42% of older Australians used video games during the pandemic.
A main reason was to increase mental stimulation.
Video games and gaming has moved into mainstream culture.
What did you do to stay in touch with others during pandemic restrictions? You may have binge-watched TV, checked in on friends and neighbours, or even mastered the art of the Zoom video call. But one activity that a surprising number of seniors have taken up recently is video games.
Researchers found that nearly half (42%) of older Australians (aged 65 and over) used video games to keep their minds active over the pandemic. One of the key reasons many seniors reported playing video games was to increase mental stimulation and potentially help fight dementia.
The study by the Interactive Games & Entertainment Association (IGEA) and Bond University found:
87% of senior participants said they thought video games may increase mental stimulation.
81% of senior participants also said video games may help fight dementia.
77% of all people surveyed said video games can help a person’s emotional wellbeing.
- 70% said video games can fulfill social needs.
- 74% said video games could help continue social connections and maintain relationships with friends and family.
- 49% of parents play online games with their children.
- 36% of adults have met new friends through playing video games.
Bond University’s Professor Jeffrey Brand – who has run the Digital Australia series of research for 16 years – said video games were more than just a source of entertainment for many during the pandemic.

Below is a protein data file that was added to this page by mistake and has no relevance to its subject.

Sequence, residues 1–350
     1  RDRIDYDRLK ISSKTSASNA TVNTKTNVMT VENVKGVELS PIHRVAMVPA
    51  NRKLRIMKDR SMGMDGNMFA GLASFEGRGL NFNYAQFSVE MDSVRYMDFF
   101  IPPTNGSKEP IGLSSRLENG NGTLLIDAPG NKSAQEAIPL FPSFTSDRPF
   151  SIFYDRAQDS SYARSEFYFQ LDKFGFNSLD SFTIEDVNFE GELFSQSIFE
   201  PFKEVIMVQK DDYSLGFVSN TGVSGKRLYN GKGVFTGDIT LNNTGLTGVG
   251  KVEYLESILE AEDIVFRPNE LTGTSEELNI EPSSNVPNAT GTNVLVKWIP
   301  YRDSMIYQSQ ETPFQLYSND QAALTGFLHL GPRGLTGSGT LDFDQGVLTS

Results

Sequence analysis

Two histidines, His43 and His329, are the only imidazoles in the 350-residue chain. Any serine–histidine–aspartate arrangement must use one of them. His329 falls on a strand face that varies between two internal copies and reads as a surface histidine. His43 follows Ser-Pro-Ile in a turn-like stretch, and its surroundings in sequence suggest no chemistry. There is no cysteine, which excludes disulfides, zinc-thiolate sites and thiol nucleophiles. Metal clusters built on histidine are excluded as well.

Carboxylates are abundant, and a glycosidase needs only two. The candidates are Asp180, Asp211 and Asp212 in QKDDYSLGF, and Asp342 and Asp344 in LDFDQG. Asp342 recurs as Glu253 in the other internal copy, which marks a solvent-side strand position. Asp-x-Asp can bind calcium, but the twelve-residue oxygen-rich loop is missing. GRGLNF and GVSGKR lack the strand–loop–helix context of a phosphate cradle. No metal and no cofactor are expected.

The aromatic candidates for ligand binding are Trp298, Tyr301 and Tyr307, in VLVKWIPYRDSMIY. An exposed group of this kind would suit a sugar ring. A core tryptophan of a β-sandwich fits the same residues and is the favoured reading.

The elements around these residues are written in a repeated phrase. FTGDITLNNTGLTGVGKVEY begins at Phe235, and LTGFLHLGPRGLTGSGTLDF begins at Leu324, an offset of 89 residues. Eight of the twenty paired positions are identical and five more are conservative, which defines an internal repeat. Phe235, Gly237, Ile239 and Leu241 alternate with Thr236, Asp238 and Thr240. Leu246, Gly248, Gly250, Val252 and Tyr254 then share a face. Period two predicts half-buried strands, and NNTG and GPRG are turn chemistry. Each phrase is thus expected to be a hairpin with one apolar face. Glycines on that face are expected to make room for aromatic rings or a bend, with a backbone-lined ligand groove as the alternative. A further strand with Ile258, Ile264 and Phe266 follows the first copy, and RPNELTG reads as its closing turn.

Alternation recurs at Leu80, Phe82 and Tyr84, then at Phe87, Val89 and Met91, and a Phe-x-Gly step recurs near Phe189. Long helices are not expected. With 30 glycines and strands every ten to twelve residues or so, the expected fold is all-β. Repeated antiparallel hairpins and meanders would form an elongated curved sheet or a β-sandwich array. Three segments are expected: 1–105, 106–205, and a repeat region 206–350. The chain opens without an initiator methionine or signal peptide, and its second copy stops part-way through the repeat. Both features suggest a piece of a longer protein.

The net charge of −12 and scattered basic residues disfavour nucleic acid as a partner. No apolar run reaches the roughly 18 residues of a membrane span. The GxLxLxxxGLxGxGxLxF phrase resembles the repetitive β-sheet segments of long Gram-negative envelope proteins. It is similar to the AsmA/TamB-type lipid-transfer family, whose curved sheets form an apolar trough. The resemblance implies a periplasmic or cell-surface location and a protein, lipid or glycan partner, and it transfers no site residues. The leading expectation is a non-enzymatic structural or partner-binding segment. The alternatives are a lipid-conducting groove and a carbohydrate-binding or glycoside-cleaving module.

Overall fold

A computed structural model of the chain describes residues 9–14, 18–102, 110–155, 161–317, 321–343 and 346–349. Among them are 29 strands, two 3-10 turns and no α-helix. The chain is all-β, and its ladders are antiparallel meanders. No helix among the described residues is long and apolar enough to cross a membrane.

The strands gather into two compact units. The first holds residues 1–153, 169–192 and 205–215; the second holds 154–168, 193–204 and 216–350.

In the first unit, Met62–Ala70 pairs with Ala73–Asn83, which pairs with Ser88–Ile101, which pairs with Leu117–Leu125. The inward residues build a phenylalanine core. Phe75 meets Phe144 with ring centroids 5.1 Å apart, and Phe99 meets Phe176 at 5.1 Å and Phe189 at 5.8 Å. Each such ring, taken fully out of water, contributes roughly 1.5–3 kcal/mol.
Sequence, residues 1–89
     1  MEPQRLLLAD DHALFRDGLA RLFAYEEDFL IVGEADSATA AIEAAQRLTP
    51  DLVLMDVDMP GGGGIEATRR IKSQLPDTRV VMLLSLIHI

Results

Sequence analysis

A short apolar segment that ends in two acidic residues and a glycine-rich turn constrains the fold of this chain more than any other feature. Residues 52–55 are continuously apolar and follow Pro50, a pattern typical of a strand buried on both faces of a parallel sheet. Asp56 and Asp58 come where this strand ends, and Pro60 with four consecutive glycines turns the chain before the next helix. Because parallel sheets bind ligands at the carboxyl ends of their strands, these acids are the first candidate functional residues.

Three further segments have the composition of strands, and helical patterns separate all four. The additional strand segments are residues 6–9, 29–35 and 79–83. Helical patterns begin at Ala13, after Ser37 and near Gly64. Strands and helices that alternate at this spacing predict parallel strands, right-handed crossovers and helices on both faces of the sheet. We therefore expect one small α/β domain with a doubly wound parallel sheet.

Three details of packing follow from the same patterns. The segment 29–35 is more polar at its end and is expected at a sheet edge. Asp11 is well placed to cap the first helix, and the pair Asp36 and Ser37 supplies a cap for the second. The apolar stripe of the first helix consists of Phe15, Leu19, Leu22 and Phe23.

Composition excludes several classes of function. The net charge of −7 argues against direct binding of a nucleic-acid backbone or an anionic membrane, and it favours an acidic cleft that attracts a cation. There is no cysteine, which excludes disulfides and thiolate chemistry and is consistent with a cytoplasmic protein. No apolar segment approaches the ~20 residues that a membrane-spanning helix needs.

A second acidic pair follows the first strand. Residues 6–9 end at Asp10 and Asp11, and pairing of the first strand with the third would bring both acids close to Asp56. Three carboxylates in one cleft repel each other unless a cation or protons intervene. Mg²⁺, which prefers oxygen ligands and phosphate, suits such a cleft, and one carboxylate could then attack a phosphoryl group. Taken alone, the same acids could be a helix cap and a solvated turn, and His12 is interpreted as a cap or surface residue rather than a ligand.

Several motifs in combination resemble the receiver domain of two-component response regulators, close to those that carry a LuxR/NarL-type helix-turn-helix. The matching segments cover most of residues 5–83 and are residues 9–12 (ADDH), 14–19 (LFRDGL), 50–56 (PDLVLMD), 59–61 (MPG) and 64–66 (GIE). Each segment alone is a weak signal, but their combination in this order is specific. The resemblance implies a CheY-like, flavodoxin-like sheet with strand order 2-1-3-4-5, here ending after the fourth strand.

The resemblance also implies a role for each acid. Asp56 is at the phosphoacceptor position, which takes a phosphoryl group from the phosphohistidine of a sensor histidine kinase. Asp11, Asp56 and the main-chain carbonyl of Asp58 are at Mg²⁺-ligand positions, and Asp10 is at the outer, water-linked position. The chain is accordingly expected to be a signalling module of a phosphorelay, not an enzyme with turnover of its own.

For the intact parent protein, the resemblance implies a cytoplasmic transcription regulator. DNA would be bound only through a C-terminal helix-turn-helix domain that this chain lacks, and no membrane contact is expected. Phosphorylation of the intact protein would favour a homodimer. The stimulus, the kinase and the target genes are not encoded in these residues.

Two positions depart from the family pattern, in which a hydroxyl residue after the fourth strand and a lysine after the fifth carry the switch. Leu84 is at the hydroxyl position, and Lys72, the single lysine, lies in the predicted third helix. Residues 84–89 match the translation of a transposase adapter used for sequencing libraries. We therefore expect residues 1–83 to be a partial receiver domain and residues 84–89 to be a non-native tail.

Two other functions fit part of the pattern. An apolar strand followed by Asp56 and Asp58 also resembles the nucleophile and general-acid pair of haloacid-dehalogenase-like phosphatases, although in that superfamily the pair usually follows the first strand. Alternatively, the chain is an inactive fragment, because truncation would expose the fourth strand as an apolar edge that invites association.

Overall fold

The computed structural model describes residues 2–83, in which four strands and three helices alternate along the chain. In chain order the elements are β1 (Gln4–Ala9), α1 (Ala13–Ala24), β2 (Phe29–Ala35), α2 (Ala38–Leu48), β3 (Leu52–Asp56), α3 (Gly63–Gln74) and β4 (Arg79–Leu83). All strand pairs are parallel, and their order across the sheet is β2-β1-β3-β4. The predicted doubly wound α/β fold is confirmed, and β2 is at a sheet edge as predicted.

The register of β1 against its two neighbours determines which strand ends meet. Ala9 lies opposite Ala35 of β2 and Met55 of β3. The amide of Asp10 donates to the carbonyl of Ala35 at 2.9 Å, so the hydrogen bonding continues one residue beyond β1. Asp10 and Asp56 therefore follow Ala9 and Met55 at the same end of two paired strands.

“They were also a means for connection, communication, and social interaction between friends and family, as well as education and comfort for children,” he said.
IGEA’s Chief Executive Officer, Ron Curry said the research demonstrated the social and mental benefits of video games.
“For the first time since we started the Digital Australia research series, Australians preferred playing video games over watching free-to-air TV, second only to streaming TV and movies.”
Once the preserve of geeks and those who may display the marginal personality characteristics of the characters of the TV show ‘Big Bang Theory’, gaming is becoming mainstream across the generations, and not just a fringe hobby.
- The average Australian gamer is now 35 years old – a year older than the previous two reports. They’ve been playing video games for around 12 years and play an average of 83 minutes a day with most play occurring in the evening.
- Almost half of Australian video gamers are female, and nearly half use online services for gaming.
- Playing video games to keep the mind active was the number one reason older Australians turned to gaming (and the second biggest reason across all age groups).
- Adults of retirement age played for 61 minutes a day on average – a two-minute increase from the previous year.
To learn more about the study, visit the IGEA website.